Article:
3. It follows that the statute and the constitutional provision have substantially the same meaning and, therefore, that the tests heretofore announced by this court which are to be applied in determining whether *378 an accused has been deprived of his right to a speedy trial under the constitution are likewise the tests under the statute. These tests have been stated many times by this court, most recently in State v. Dodson, supra. In the able opinion of Mr. Justice BRAND in State v. Kuhnhausen, supra, 201 Or at 513, it was said:

"`* * * Wholly apart from the statute, the constitutional right of an accused person to a speedy trial contemplates a trial conducted according to fixed rules, regulations, and proceedings at law, free from vexatious, capricious, and oppressive delays. The right is consistent with delays, and, in the final analysis, whether such a speedy trial has been afforded must be determined in the light of the circumstances of each particular case as a matter of judicial discretion. * * *'"

Earlier Oregon cases to the same effect were cited by the court.

We are, therefore, to determine whether under the statute, considered in the light of the language of the Kuhnhausen case which we have quoted, the court erred in denying the defendant's motion to dismiss the indictment.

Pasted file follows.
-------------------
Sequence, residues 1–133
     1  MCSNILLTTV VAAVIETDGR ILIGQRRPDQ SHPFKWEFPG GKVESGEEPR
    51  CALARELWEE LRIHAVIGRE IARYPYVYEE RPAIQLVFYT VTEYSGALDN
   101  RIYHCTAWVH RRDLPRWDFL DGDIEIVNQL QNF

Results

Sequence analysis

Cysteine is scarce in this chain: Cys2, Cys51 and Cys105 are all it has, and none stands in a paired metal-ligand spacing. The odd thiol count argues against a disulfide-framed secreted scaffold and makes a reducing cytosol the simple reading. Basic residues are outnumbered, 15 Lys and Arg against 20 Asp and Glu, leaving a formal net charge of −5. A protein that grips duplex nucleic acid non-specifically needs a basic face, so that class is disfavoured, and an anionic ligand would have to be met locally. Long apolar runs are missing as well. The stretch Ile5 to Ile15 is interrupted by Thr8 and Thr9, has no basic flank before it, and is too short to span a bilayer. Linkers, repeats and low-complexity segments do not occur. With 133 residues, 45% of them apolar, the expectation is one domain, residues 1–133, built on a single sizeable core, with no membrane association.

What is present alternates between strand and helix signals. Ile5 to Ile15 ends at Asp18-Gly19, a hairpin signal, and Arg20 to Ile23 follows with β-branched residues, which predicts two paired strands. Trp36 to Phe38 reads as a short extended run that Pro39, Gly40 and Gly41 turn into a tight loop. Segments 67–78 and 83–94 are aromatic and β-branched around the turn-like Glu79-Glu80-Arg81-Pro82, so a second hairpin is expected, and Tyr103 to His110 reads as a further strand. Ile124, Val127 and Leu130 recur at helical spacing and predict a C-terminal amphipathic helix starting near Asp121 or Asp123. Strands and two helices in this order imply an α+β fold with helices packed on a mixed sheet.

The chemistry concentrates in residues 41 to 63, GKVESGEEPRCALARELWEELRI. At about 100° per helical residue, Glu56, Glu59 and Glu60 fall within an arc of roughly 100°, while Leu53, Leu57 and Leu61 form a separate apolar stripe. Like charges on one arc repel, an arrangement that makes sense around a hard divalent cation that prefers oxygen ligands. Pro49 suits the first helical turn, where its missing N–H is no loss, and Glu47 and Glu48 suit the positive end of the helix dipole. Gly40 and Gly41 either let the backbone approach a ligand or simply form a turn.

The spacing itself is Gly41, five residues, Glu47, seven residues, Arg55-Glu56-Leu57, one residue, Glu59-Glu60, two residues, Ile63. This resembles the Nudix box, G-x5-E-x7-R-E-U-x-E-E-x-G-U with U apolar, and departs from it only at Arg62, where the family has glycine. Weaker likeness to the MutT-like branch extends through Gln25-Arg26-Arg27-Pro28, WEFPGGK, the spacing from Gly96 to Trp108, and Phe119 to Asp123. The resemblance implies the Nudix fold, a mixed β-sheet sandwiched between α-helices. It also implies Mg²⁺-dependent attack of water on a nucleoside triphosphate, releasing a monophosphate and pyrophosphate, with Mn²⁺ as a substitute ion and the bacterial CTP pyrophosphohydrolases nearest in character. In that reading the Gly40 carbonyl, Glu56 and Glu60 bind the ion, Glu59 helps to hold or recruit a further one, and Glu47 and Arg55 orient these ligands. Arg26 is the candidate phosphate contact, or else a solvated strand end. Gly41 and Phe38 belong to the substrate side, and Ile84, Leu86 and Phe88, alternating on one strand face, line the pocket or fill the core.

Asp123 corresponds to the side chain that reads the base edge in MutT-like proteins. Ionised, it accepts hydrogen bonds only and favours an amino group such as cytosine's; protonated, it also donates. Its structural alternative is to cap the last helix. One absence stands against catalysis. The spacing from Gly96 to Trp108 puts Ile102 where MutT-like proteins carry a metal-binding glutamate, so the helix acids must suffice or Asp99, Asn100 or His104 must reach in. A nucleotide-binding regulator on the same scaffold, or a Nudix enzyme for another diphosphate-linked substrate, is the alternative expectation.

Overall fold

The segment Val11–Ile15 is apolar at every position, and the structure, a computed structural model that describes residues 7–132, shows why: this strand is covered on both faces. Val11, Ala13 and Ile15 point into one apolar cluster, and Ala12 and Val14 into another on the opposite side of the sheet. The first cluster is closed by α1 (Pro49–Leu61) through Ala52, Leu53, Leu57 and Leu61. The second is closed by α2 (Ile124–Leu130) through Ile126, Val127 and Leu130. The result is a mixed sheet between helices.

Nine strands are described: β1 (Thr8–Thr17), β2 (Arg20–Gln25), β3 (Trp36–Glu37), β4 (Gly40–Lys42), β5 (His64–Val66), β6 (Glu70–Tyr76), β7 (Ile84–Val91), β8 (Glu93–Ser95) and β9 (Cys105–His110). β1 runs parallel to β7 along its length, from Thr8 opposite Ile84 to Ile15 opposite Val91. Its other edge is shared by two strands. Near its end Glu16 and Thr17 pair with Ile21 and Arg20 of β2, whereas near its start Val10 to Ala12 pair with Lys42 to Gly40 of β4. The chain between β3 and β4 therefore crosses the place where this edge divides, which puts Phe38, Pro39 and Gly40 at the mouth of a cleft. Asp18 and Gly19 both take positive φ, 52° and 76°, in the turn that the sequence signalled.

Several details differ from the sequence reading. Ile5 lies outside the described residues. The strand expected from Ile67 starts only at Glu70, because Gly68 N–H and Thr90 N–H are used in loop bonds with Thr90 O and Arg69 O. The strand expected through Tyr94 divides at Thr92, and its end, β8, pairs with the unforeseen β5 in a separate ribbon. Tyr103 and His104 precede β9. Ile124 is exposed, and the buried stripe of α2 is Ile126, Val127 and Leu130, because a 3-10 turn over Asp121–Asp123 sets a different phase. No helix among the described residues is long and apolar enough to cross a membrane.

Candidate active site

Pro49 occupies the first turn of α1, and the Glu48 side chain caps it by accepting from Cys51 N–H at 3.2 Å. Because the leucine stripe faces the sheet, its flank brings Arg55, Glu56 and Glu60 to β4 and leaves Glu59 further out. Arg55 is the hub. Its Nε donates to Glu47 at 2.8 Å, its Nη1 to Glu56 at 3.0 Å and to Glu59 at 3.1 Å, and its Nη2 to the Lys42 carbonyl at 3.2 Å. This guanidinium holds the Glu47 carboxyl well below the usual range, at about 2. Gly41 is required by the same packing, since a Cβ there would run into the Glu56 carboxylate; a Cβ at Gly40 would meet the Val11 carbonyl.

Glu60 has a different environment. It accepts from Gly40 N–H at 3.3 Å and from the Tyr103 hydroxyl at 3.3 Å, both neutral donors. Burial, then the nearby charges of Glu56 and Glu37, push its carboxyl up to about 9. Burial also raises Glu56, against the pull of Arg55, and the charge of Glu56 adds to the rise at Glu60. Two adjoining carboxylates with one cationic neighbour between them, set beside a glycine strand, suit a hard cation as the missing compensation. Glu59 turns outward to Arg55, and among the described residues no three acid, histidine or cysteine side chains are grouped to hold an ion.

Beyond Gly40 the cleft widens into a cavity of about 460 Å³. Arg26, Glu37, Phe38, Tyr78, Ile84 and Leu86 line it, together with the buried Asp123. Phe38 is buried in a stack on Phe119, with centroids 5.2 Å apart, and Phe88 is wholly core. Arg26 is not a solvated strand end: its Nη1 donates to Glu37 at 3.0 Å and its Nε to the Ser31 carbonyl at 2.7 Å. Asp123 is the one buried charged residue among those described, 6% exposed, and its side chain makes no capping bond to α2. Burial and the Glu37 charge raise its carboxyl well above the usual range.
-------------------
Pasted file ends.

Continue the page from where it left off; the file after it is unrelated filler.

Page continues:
The total time that elapsed between the return of the indictment and the filing of the motion to dismiss was 102 days. Whether this would be considered a reasonable time under other circumstances than those which the record discloses is not the question, but whether the delay is attributable to the fault or neglect of the prosecution or the court. The defendant was seasonably arraigned and his plea entered and his case set for trial within a little more than a month after the return of the indictment. Defendant concedes in his brief that so far an unreasonable time had not elapsed. The trial was not held, however, *379 on the day set, namely June 22, because of a difficulty between the defendant and his then attorney, Mr. Layman, which led to Mr. Layman's retirement from the case, and because of the notice given by Mr. Layman of the defendant's intention to withdraw his plea of not guilty and enter a plea of guilty. Had he carried out this intention, no trial, of course, would have been necessary. There followed on July 1 the resignation of Mr. Layman as attorney for the defendant and the appointment by the court in his place of Mr. Holman at the defendant's request. Obviously the trial could not be held immediately because Mr. Holman was entitled to a reasonable time in which to prepare for trial. Shortly after this, as is shown by an affidavit of deputy district attorney Charles R. Harvey filed in opposition to the motion to dismiss the indictment, the defendant's attorney advised the district attorney's office that the defendant would not change his plea and that the defendant's attorney would resign from the case. Nevertheless, at the time of the hearing on July fifteenth, the transcript of which is set forth above, there still seemed to be uncertainty as to whether the defendant wished to change his plea, because Mr. Holman, then acting as attorney for the defendant, agreed with the statement of the deputy district attorney that the defendant was there to advise the court whether "he desired to leave the plea of not guilty in the case" or "have the matter continued to the September term". The defendant thereupon complained of the length of time he had been confined in jail and demanded a trial "as soon as possible." The court then set the case for trial on September sixth, which was the first day of the September term, and the earliest day reasonably possible because, in accordance with the *380 established practice in the Multnomah county circuit court no jury was then in attendance on the court and there would be none until the commencement of the September term.